Cotton bulls were once again small winners on the week as demand became the market’s focal point, with the Mar contract picking up 21 points. The Dec – Mar switch is once again significantly inverted at 43.
This week was seemingly all about demand. The prospect of US production above 21M bales looks to have been largely priced into the current market. Even some West Texas micronaire issues and a higher than normal occurrence of 4-leaf Mid-southern cotton do not seem to have caused the current market to blink. Demand, however, continues to surge.
US export sales for the week ending Nov 9 of nearly 525K running bales were not merely marketing year high but were also the largest figure put forth in nearly three years. However, the market did not react as one might have expected.
It is true that shipments were weak at around 100K running bales, but the fact that nearly 60% of upland sales were attributable to Pakistan likely caused concerns as well. The huge sales to Pakistan were a combination of concerns by Pakistani spinners regarding possible future import restrictions in a year with significant quality concerns with its domestic crop and the ongoing discord with its cotton-exporting neighbor, India. And, one (or both) of these issues could be rectified before the US delivers on its recent commitments.
Similar sales numbers associated with China might have prompted the market to touch limit-up.
Still, a win is a win, as they say, and we’ll take it. Regardless of the root nature of the large sales to Pakistan, one can hardly term them bearish and the market did, at least in part, react accordingly.
Internationally, China is making a push toward mechanized harvesting of its crop. Pictures emerged on the internet this week of baler pickers as they moved across fields in southern Xinjiang this year, and some producing regions in the nation’s eastern sector are developing plans for the cooperative mechanized sowing and harvesting of cotton from this year forward. Worth noting is that uniform, machine-harvested cotton within China could ultimately lead to less demand for high-quality US cotton for the Chinese spinning industry.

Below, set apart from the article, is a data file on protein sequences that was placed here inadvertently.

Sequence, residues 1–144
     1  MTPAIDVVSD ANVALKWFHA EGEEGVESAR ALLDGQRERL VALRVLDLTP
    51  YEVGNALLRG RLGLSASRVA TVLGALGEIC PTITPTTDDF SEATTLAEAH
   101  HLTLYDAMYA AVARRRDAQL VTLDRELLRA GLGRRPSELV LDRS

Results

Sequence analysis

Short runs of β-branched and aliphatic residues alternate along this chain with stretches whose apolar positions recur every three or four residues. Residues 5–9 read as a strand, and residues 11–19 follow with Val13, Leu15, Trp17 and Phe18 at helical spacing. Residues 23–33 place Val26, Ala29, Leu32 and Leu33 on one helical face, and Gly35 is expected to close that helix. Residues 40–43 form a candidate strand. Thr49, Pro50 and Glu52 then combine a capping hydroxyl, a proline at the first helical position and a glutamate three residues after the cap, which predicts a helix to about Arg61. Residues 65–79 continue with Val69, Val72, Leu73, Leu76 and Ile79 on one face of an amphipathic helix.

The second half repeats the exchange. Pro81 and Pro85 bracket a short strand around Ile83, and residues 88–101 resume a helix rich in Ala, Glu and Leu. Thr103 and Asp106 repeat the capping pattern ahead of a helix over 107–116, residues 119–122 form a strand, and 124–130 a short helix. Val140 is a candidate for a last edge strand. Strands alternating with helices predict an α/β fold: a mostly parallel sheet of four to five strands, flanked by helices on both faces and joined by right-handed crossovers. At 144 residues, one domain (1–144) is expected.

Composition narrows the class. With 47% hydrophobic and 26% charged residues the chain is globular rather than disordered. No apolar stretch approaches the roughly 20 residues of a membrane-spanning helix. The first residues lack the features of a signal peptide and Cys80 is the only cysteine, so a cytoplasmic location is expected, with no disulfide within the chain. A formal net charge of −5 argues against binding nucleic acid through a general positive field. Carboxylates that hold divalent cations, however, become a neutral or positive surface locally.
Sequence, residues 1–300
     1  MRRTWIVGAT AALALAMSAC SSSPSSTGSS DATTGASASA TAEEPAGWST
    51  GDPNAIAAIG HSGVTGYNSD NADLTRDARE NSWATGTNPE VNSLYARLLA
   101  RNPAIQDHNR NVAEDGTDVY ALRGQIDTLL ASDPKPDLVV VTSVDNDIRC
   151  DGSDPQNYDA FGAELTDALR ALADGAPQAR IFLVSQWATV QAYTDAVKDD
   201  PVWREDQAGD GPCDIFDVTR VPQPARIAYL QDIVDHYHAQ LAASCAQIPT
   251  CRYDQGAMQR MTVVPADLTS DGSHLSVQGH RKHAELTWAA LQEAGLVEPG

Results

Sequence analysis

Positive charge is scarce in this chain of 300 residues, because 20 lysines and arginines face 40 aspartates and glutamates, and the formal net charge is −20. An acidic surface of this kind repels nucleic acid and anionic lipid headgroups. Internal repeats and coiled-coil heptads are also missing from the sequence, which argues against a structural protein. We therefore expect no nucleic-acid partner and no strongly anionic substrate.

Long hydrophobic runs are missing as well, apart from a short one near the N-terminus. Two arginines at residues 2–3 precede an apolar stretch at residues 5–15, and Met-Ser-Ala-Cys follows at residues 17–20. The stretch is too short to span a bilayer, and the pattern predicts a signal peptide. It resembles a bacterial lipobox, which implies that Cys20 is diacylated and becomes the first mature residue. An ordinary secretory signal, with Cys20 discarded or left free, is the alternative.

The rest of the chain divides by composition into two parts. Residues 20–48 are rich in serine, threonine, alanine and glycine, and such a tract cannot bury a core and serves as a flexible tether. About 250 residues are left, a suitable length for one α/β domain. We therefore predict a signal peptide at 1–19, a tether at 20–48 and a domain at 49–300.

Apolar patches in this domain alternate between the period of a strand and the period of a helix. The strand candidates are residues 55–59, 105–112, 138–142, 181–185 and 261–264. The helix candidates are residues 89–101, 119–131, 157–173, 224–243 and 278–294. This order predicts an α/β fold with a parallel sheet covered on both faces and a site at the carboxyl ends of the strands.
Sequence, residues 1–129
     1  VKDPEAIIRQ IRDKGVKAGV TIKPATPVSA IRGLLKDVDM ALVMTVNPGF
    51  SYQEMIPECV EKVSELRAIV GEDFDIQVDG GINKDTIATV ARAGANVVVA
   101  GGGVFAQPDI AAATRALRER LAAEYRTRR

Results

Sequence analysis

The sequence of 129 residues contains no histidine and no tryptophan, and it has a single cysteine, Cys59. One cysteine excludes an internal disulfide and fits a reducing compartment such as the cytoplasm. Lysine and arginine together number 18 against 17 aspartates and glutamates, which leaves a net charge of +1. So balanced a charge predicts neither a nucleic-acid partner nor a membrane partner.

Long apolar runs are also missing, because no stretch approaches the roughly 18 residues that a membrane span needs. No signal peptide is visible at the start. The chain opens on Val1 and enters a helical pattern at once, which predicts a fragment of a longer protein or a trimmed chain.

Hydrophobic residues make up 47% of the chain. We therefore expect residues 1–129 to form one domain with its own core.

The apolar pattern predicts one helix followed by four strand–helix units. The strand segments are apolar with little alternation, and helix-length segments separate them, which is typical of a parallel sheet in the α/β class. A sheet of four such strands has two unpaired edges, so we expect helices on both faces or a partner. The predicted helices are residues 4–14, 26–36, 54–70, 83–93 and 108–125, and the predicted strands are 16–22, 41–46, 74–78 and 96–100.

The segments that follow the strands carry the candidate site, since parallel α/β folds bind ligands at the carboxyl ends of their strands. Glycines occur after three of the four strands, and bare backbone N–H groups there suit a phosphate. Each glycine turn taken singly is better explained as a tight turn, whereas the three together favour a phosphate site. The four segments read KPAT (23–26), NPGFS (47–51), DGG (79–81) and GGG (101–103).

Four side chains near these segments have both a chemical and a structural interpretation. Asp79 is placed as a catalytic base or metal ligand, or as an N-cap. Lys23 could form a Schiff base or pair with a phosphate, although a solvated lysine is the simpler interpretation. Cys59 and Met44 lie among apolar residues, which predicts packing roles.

More on Cotton
Producers with on call contracts likely received calls from their buyers this past week, encouraging them to roll or fix ahead of the upcoming first notice day. Given a market hovering just below many producers’ target prices, many producers opted to roll to Mar, May, or Jul, and this could account for some of the volume this past week.
Holiday weeks have traditionally been slow times in the spot market. Many trading offices are staffed by skeleton crews, and those traders who are in the office are frequently distracted by the excitement or stress of an impending Thanksgiving with the family and in-laws. This can also open opportunities for traders eager to make a move without the entire industry foiling their plans. Producers should be sure they have standing orders with their buyers to take advantage of unexpected market moves, particularly on Friday.
For next week, the standard weekly technical analysis for the Mar contract remains less than supportive while money flow now favors upward price movement. Although the holidays are often slow for spot brokers, futures markets are no stranger to volatile trading action on relatively light volume. The first notice day for Dec is Friday, Nov 24 – an abbreviated trading day – and final evening of Dec positions could drive some market volatility to close out the week.
Have a great weekend!
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